45. Furthermore, as things stood, the question was what the Security Council and the General Assembly, the bodies responsible for protecting human rights, the information organs of the United Nations and the media in general would do to assume their responsibilities. His delegation wondered how long it would be the policy of United Nations bodies to practise a double-standard. He hoped that a halt would be called to the serious, flagrant violations of the rights of the Palestinians, that they would be able to regain their inalienable rights, that all the occupied Arab territories would be returned and, finally, that the right of the Palestinians to establish their own independent State with Jerusalem as its capital could be achieved.

46. The CHAIRMAN said that he took it the Committee wished him to send on its behalf a telegram of condolences and support to President Arafat.

47. It was so decided.

48. Mr. ZACKEOS (Cyprus) said that his delegation had listened with interest to the statement of the Observer for Palestine. In the name of his Government and people, he expressed condolences to the Palestinian people for the loss of life sustained the previous day. The reasons for the impasse in the peace process were well known. The process must be relaunched, for without a settlement of the Palestinian problem there could be no comprehensive and just peace in the Middle East.

49. Mr. RASTAM (Malaysia) presented his condolences to the Palestinian people and assured it of the solidarity of Malaysia, which fully supported the efforts being made by President Arafat and hoped for a revival of the peace process. After hearing the Observer for Palestine report on his consultations with the President of the Security Council in that regard, he hoped that the Council would make a pronouncement on the issues discussed.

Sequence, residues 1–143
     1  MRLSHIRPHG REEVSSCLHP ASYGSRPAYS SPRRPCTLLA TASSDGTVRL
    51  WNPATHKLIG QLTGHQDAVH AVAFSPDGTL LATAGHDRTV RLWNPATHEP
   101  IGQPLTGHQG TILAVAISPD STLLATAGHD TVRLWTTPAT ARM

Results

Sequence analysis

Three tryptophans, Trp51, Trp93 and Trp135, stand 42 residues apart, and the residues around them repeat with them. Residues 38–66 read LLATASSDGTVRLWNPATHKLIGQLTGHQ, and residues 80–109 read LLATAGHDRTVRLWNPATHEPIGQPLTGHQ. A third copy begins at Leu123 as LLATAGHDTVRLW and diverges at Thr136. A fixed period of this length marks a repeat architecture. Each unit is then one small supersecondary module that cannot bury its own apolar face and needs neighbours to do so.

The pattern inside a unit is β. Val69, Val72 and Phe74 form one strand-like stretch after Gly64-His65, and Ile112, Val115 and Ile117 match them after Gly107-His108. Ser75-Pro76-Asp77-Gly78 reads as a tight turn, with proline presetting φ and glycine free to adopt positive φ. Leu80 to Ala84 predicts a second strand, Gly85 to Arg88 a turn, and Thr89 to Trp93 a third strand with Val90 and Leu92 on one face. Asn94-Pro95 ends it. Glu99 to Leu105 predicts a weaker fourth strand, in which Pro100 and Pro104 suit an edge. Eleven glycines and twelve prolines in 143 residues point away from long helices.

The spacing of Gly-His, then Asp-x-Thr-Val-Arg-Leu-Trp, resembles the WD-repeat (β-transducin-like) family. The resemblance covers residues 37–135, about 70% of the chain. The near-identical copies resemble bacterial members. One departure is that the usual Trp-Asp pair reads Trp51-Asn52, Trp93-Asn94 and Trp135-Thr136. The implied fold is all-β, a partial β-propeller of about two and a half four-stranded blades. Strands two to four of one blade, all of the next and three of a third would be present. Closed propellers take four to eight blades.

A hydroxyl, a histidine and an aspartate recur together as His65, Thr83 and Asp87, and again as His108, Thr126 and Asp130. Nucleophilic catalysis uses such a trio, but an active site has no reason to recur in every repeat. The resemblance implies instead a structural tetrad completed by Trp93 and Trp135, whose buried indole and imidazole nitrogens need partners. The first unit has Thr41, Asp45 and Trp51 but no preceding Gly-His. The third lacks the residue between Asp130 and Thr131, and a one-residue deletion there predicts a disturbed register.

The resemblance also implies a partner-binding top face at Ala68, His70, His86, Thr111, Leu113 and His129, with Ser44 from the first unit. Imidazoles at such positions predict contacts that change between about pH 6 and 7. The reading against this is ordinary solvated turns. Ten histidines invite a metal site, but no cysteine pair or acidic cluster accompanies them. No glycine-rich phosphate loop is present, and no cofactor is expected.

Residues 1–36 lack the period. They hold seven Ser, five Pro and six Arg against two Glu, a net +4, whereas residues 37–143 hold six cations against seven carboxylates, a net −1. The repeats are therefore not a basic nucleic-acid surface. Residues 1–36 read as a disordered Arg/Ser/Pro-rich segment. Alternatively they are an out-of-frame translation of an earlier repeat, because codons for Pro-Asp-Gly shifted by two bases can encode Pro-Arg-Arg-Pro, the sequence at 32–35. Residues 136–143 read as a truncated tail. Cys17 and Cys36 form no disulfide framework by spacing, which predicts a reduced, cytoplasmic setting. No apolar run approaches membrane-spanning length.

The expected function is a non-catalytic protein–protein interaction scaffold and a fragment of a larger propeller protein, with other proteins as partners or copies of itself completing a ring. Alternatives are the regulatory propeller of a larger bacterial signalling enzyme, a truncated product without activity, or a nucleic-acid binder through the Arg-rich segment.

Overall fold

OTHER MATTERS

50. The CHAIRMAN recalled that the United Nations Seminar and NGO Symposium for Latin America and the Caribbean on the Question of Palestine, which would focus on the theme "Towards a comprehensive, just and lasting solution of the question of Palestine: The role of Latin America and the Caribbean", would be held in Santiago, Chile, from 26 to 29 May 1998. The Committee would be represented there by Mr. Rodriguez-Parrilla (Cuba), Vice-Chairman, Mr. Saliba (Malta), Rapporteur, Mr. Zackeos (Cyprus) and Mr. Al-Kidwa (Observer for Palestine). A report on that meeting would be made to the Committee at the appropriate time.

The meeting rose at noon.